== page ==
SWBAT use their understanding of slope, proportion, and linear functions to analyze and predict the result of a clapping experiment.

When we can't predict an exact result, we use patterns to predict a reasonable range in which our result lives.

15 minutes

When students enter the room, they have about a minute or so to consider the question, "how many claps can you complete in one minute?" As students consider the question (and begin to clap and talk about the problem at hand), we talk about the complexity of the experiment. I ask them to consider how they would count and record the number of claps. Typically students talk about how they might use video and listen for the claps in the recording. Once this is established, I will shift the conversation towards the focus of the lesson: **how to predict the result of an "almost linear" function**. In today's lesson, I will ask students to *predict* the number of claps if they only have data for a portion of a minute.

To further motivate the lesson, I will show them a small portion of this video on You Tube:

**Source**: http://youtu.be/Z571ByeNbPQ (accessed April 18, 2014)

The video shows the **world's fastest clapper** breaking the current record. Of course, students don't know this. At this point in the lesson, students are unaware of the problem (we are going to find out how many claps he will reach in one minute) and only somewhat aware of the context of the problem (the almost linear rate of clapping). I believe it is important to let students define the problem as a class.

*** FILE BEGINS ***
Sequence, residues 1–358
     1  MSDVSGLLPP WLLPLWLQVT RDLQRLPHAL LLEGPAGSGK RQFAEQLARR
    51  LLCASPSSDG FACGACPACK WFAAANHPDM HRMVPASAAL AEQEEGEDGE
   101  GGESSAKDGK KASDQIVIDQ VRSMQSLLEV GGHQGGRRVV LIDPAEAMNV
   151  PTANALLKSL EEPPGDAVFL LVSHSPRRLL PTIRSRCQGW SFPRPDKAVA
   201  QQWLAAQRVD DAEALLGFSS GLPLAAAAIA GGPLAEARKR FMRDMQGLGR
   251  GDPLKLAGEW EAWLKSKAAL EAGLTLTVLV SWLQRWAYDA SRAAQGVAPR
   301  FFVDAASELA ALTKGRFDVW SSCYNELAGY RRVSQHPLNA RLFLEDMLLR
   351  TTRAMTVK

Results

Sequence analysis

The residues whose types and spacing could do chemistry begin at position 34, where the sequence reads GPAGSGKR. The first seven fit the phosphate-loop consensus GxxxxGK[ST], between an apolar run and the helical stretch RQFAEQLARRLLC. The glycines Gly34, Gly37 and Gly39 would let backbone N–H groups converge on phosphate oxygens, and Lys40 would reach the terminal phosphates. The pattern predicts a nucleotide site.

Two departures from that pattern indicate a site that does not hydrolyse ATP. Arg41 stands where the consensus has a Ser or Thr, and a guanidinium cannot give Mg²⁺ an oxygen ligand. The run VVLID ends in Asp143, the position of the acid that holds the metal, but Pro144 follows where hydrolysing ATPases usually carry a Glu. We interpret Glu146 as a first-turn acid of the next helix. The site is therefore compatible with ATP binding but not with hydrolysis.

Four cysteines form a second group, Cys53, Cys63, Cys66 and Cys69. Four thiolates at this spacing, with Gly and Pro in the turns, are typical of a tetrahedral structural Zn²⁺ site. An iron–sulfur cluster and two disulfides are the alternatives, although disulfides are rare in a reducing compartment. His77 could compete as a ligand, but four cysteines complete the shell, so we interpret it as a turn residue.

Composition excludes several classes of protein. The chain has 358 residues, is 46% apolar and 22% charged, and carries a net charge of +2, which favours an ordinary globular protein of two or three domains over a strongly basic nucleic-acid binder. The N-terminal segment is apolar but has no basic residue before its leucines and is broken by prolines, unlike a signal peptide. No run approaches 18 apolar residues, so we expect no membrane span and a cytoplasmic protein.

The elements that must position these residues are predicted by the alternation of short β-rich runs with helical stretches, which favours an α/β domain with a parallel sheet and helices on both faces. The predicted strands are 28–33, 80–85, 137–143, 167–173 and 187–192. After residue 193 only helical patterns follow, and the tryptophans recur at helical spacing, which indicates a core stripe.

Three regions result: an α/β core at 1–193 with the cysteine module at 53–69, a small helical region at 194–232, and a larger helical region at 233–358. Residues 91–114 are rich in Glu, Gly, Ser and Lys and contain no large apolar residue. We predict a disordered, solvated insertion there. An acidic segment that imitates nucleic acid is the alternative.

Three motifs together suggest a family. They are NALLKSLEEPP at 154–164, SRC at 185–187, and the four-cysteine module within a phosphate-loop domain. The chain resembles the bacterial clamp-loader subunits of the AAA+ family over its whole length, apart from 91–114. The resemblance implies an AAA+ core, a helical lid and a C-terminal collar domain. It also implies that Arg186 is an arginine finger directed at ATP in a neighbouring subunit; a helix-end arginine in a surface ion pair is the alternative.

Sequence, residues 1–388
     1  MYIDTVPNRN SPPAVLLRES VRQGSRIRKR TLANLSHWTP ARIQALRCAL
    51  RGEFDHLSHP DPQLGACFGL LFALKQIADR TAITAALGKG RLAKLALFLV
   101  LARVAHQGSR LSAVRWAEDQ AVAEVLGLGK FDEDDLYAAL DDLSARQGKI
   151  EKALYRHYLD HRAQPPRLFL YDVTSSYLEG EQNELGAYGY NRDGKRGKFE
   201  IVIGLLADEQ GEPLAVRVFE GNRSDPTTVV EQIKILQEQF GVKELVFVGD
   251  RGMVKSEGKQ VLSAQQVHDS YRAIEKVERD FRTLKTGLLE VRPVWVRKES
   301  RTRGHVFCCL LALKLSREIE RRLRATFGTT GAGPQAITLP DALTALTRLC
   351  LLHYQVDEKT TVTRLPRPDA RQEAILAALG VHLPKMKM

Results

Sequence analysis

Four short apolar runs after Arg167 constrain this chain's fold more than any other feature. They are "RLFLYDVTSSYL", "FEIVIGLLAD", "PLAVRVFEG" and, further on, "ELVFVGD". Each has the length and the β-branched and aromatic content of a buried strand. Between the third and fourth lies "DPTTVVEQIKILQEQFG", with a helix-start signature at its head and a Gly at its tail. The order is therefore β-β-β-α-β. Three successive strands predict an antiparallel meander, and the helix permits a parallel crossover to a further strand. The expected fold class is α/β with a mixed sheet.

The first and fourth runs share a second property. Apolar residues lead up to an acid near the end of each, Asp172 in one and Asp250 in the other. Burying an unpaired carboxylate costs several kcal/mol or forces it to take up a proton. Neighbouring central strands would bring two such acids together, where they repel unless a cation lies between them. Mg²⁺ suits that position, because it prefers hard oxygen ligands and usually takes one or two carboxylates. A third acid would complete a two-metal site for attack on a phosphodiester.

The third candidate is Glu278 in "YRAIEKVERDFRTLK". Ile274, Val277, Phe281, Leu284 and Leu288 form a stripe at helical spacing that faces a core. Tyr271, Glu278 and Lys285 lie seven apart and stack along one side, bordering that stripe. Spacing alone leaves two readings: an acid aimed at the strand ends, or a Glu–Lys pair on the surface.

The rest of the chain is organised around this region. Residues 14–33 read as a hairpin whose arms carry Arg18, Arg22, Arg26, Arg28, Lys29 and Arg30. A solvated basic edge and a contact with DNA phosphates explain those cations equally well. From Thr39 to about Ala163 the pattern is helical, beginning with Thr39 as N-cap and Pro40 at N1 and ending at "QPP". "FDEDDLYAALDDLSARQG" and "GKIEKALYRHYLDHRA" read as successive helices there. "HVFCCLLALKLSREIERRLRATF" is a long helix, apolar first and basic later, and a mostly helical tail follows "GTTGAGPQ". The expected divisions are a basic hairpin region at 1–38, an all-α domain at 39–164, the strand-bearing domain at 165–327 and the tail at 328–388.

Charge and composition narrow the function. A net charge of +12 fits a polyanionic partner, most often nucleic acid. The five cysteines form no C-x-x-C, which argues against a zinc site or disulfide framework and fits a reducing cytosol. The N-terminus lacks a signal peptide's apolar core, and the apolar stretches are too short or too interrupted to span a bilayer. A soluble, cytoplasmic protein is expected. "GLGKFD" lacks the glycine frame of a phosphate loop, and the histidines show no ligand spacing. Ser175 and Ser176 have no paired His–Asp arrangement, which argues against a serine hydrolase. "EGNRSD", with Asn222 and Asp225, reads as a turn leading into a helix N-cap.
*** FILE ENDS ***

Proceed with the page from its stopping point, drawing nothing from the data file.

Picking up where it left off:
As a class, we watch the video above. My goal is to set my students up to define the problem themselves (see Grappling with Complexity: The Joy of Problem Solving reflection). I stop the video after about 20 seconds and ask them to write down any questions they might have. These questions might range from "what is he doing?" to "is his clapping rate consistent." Check out the Questions about Clapping to get a sense of the questions your students might generate.

After a minute or so I ask them to turn-and-talk to share their questions. Then, we share the questions as a class. They share their questions and I type them out as they share. I make sure to quote them as well (again, see Questions about Clapping). After all the questions are shared, I start to address them with the class.

I usually start with questions that are the least relevant to our investigation. Questions like, "why is he wearing headphones?" I try and answer these if I can, but often I put it to the class. I ask, "why do you think he is wearing headphones? Does this impact what he is doing?" I find that even these types of questions help us define the problem. For example, I might say "He is wearing headphones to signal the start and end of the experiment." This leads us to the question, "What is this experiment about?" and the critical question of "How long is this experiment?" As I address these questions we eventually define the problem we are solving, which is: **How many claps will he reach in 60 seconds?**

20 minutes

In the introduction to today's lesson, we defined the problem we are solving as a class: "how many claps will he reach in 60 seconds?" Now, we transition to strategies. I ask the class, "what do you need to solve this problem?" I plan to use the students' questions as guidance. They brainstormed questions like "is he always clapping at the same rate" and "how long is the experiment?" As a class we agree that the answers to these questions are critical and we reflect on what we need to know if order to solve our problem. It is important for students to be consciously aware of the fact that these key questions are about rate and time. Once they make this realization, I expect that they will be able to determine that we need to know his clapping rate and how long and how consistent this rate goes on for.